Author: Craig Adeyanju
Estimated read time: 3 minutes
Publication date: 1st Jul 2019 12:58 GMT+1
Computers have already changed how we live, work, invest and do business immeasurably and more changes are still coming. On Wall Street, for instance, there has especially in the financial markets.
That's according to J.P. Morgan, a major investment firm, which recently published a report that says about 60 percent of the stock market is controlled by passive investments — exchange-traded funds (ETF) and index funds, for instance — while active investments, which mostly rely on trend investing, now own a mere 20 percent of the market. That means that automated investing collectively accounts for 80% of the stock market
In other words, either for long-term investing or equities trading, money managers commit up to 80 percent of funds in the market to computer algorithms.
Portfolio Rebalancing: Take, for instance, a pension fund that is meant to hold 55 percent stock and 45 percent bonds. If the value of stocks increase after a few years such that stocks now take 60 percent of the portfolio, rebalancing is required. This involves the sale of certain stocks based on certain conditions. Nowadays, computers are tasked to carry out portfolio rebalancing.
Arbitrage: this refers to the trading activities aimed at profiting from tiny market discrepancies such as asset trading at different prices on different markets. Because these discrepancies usually only last for seconds, computers are better suited to profit from them.
Computer algorithms are also used to determine the average price of assets at a certain time and instructed to buy or sell the asset when the market price is above or below the mean average price, respectively.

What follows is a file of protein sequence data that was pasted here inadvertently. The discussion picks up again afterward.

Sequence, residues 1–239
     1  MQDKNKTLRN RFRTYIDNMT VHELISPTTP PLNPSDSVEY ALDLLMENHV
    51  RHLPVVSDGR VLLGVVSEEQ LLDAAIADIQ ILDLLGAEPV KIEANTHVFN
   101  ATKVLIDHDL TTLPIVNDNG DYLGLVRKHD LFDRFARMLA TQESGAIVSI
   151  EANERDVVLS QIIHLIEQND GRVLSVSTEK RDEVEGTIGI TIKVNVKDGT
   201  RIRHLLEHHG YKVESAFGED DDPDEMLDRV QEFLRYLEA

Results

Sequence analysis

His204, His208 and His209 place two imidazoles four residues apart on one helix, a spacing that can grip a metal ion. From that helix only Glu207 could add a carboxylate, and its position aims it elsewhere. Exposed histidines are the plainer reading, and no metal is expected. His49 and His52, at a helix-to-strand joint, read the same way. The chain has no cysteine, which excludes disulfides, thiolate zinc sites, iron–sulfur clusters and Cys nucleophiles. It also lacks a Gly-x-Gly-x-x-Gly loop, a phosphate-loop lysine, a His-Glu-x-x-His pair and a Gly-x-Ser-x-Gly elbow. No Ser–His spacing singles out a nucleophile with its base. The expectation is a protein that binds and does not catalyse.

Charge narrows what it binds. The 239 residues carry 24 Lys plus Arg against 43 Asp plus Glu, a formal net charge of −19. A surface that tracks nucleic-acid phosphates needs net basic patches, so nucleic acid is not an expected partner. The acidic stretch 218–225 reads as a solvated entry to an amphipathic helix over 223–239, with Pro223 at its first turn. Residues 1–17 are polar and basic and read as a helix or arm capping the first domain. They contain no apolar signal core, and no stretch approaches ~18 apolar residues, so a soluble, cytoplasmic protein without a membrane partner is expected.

In passive investing: While automated long-term investing helps drive cost down, which increases investor return (part of the reason it's growing in popularity), some experts believe that it's encouraging herding behaviour, in which just a few people's research dictate the investment decision of millions. That could bring overcrowding and, eventually, the overpricing of an asset.
In active investing: since this largely involved making trading decisions based on short-term trends and headlines, added to with the fact that computers can respond faster than humans, the market may become overly sensitive and hence become more vulnerable to sharp price swings that are completely unconnected to fundamentals.
While algorithmic trading could save time and money, it's still just as important as ever to conduct your due diligence when investing in any asset. Having a personal investment blueprint crafted out of proper research could help in avoiding falling victim of herding in passive investing or unnecessarily responding to algorithm-driven short-term price swings.
Disclaimer: Craig Adeyanju is an experienced financial consultant who writes for Finscreener.com. The observations he makes are his own and are not intended as investment or trading advice.